2. Complete Blood Count (CBC)
    3. C-Reactive Protein
    4. Comprehensive metabolic panel
    5. Blood Cultures (in severe infections or Immunocompromised patients)
    6. Wound aspirate, culture or biopsy (advancing edge)
    7. Imaging indications
      1. Necrotizing Fasciitis (MRI)
      2. Other deep space infection (soft tissue Ultrasound or CT)
  3. Consultation
    1. Consider Consultation with infectious disease
    2. General surgery or orthopedic Consultation indications
      1. Suspected Necrotizing Fasciitis
      2. Suspected Gas Gangrene
      3. Suspected other deep space infection
      4. Suspected joint involvement
  4. Approach
    1. Admit
    2. Incision and Drainage of abscess
    3. Debride necrotic tissue
    4. Intravenous antibiotic regimen as described below (typically with MRSA coverage)
      1. Modify antibiotics based on wound culture results (if performed)
    5. Transition to oral antibiotics
      1. When tolerated and improving
      2. Continue antibiotics for 7-14 day total course
  • Management
  • Extremity Infections (non-diabetic patients)
  1. See Skin Infections in Diabetes Mellitus
  2. See Necrotizing Fasciitis
  3. See Sepsis
  4. Non-Purulent, Erysipelas (flat lesions, well demarcated and bright red): Streptococcus coverage
    1. Treat as Cellulitis with broader coverage (see below) unless classic Erysipelas appearance
      1. Only use Streptococcus specific antibiotics for classic Erysipelas appearance
      2. In practice, most clinicians use broader Cellulitis coverage for both Streptococcus and Staphylococcus
    2. Mild infections (oral, outpatient management)
      1. Penicillin VK 500 mg orally four times per day for 5-10 days OR
      2. Amoxicillin 500 mg orally three times per day for 5-10 days OR
      3. Cephalexin 500 mg orally four times per day for 5-10 days OR
      4. Cefadroxil 500 to 1000 mg orally twice daily for 5 to 10 days OR
    3. Mild Infections - Penicillin and Cephalosporin Allergy (oral, outpatient management)
      1. Azithromycin 500 mg orally on day 1, then 250 mg orally on days 2-5
      2. Clindamycin 300 mg orally four times per day for 5-10 days
    4. Moderate infections (esp. with SIRS Criteria, requiring IV antibiotics)
      1. Penicillin G 2 million units IV every 6 hours or
      2. Nafcillin 1 to 2 g IV every 6 hours
      3. Cefazolin 1 gram IV every 8 hours or
      4. Clindamycin 600 mg IV every 8 hours or
      5. Ceftriaxone 1 to 2 g IV every 24 hours
    5. Severe Infections
      1. See Sepsis
      2. See Necrotizing Fasciitis
      3. Severe, non-purulent Cellulitis is typically treated with combined regimen listed below
        1. IDSA 2014 guidelines cover Streptococcus and MRSA in severe infections
  5. Non-Purulent - Cellulitis (less distinct margins): Streptococcus and Staphylococcus coverage
    1. First Line: Uncomplicated Cellulitis coverage for Streptococcus (most likely) and MSSA coverage
      1. Mild Infections (Oral)
        1. Cephalexin 500 mg orally four times per day for 5-10 days OR
        2. Cefadroxil 500 to 1000 mg orally twice daily for 5 to 10 days OR
        3. Dicloxacillin 500 mg orally four times per day for 5-10 days OR
        4. Clindamycin 300 mg orally four times per day for 5-10 days OR
        5. Amoxicillin-Clavulanate (Augmentin) 875 mg orally twice per day for 5-10 days
      2. Moderate Infections - Parenteral Antibiotics (esp. with SIRS Criteria, more severe infections)
        1. Cefazolin 1 gram IV every 8 hours OR
        2. Nafcillin 2 grams IV q4 hours OR
        3. Oxacillin 2 grams IV q4 hours OR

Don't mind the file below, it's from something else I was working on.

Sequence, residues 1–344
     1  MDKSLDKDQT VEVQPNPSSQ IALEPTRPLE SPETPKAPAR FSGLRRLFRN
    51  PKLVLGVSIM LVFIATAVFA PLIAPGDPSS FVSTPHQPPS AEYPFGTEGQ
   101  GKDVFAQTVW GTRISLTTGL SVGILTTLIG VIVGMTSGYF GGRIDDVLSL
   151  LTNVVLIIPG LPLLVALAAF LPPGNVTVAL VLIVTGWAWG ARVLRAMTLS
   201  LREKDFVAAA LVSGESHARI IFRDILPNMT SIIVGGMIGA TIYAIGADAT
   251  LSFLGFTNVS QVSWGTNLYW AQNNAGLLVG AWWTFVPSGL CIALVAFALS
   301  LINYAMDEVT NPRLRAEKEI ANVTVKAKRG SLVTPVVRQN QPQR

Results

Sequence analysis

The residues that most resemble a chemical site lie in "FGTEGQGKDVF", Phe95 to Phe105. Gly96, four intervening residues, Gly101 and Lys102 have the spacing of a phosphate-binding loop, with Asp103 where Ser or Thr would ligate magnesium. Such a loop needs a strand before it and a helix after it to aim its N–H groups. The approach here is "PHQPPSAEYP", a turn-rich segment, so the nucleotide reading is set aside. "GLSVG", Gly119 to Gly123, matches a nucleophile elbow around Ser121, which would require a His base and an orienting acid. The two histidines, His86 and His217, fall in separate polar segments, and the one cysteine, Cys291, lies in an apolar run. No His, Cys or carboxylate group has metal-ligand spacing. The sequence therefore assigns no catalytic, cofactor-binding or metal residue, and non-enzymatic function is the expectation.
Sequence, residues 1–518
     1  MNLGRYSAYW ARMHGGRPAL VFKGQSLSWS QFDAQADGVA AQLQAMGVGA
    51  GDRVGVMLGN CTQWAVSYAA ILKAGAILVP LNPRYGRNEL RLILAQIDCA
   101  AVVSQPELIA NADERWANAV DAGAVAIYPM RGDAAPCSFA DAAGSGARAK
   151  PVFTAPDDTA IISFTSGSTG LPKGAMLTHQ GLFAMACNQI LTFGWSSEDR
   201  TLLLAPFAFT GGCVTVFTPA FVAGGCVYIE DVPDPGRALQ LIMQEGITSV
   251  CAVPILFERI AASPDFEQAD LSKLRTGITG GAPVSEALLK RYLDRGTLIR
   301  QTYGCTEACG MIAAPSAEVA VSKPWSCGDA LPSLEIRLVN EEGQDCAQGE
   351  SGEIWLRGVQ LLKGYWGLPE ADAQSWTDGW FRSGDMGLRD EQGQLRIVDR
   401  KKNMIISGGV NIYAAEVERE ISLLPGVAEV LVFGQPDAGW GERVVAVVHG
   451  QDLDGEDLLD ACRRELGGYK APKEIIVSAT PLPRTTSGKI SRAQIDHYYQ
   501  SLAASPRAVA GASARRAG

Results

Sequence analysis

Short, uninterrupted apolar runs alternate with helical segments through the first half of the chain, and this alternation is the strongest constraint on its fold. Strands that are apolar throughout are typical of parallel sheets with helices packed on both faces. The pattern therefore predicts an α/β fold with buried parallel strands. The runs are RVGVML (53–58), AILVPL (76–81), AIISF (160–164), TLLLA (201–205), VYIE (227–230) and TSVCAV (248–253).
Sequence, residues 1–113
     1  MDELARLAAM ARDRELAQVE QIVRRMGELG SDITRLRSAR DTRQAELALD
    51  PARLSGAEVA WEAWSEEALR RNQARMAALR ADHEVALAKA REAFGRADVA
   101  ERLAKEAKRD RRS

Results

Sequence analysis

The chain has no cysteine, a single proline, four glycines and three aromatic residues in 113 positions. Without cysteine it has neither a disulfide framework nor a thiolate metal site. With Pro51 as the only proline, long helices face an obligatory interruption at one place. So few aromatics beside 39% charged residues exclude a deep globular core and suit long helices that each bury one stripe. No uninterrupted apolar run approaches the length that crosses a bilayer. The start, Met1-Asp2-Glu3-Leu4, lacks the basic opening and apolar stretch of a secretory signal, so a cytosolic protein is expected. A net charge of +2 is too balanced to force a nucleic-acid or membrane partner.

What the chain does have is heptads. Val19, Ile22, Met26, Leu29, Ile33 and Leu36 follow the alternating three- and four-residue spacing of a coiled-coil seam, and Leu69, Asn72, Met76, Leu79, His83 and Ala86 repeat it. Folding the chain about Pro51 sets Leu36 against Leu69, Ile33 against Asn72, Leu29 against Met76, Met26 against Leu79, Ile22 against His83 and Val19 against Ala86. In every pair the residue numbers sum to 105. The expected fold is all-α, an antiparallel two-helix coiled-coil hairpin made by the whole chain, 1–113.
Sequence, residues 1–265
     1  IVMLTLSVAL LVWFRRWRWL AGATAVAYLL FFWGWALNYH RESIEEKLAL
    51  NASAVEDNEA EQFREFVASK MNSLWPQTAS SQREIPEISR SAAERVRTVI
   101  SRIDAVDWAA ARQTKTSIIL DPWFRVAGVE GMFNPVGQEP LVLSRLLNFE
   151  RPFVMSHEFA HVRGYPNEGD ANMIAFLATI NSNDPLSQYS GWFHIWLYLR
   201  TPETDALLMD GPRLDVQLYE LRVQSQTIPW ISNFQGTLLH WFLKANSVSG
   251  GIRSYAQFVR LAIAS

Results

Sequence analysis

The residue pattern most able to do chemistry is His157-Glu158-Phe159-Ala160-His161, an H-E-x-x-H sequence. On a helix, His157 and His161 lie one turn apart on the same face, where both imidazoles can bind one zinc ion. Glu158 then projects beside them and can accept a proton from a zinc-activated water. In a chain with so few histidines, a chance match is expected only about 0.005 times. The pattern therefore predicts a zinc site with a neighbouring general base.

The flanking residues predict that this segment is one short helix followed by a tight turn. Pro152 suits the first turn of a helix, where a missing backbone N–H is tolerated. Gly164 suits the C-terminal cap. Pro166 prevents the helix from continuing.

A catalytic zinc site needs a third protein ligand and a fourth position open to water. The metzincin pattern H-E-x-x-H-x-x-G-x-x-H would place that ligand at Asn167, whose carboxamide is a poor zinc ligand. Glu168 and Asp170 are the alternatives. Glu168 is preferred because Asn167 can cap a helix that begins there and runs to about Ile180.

4. Clindamycin 600 mg IV every 8 hours OR
        5. Ceftriaxone 1 to 2 g IV every 24 hours
      3. Moderate Infections - Outpatient Parenteral (adults, narrower spectrum Parenteral protocol)
        1. Protocol: Both medications for 5-10 days
          1. Cefazolin 2 gram IV q24 hours AND
          2. Probenacid 1 gram PO q24 hours (Decreases Cefazolin excretion)
        2. References
          1. Grayson (2002) Clin Infect Dis 34:1440-8 [PubMed]
    2. Second Line: Complicated, refractory or pustular Cellulitis coverage for Streptococcus and MRSA coverage
      1. See Methicillin Resistant Staphylococcus Aureus (MRSA) for risk factors
      2. Mild - Oral Antibiotics (choose 1)
        1. Trimethoprim Sulfamethoxazole (Septra, Bactrim) DS
          1. Dose: One DS tab orally twice daily
          2. Use with Penicillin, Amoxicillin, or Cephalexin (see dosing above)
          3. Some recommend 2 tabs if normal Renal Function, serious infections or weight >100 kg
            1. However no advantage found clinically to the higher dosing
            2. Cadena (2011) Antimicrob Agents Chemother 55(12):5430-2 +PMID: 21930870 [PubMed]
        2. Clindamycin
          1. Not typically recommended (Increasing MRSA resistance, and induced resistance)
          2. Dosing: 300 mg orally four times per day for 7-10 days
        3. Linezolid
          1. Not typically used for mild infections (very expensive, but generic in 2017)
          2. Dosing: 600 mg orally twice daily
      3. Moderate to Severe - Parenteral Antibiotics (esp. with SIRS Criteria, Sepsis and other more severe infections)
        1. See Sepsis
        2. This is the default multi-drug empiric protocol with severe non-purulent infection
        3. Consider Necrotizing Fasciitis coverage
        4. Antibiotic 1: Empiric Gram Positive, Gram Negative and Anaerobe Coverage
          1. Piperacillin/Tazobactam (Zosyn) 3.375 IV every 6 to 8 hours (preferred) OR
          2. Meropenem 1 g IV every 8 hours OR Imipenem 1 g IV every 8 hours OR
          3. Cefepime 2 g IV every 12 hours AND Metronidazole 500 mg IV every 6-8 hours
        5. Antibiotic 2: MRSA Coverage (choose 1)
          1. Vancomycin 15 mg/kg IV every 12 hours (adjusted for Renal Function) or
          2. Linezolid 600 mg IV q12 hours or
          3. Clindamycin 600-900 mg IV q8 hours
          4. Lipoglycopeptides (Dalbavancin, Oritavancin)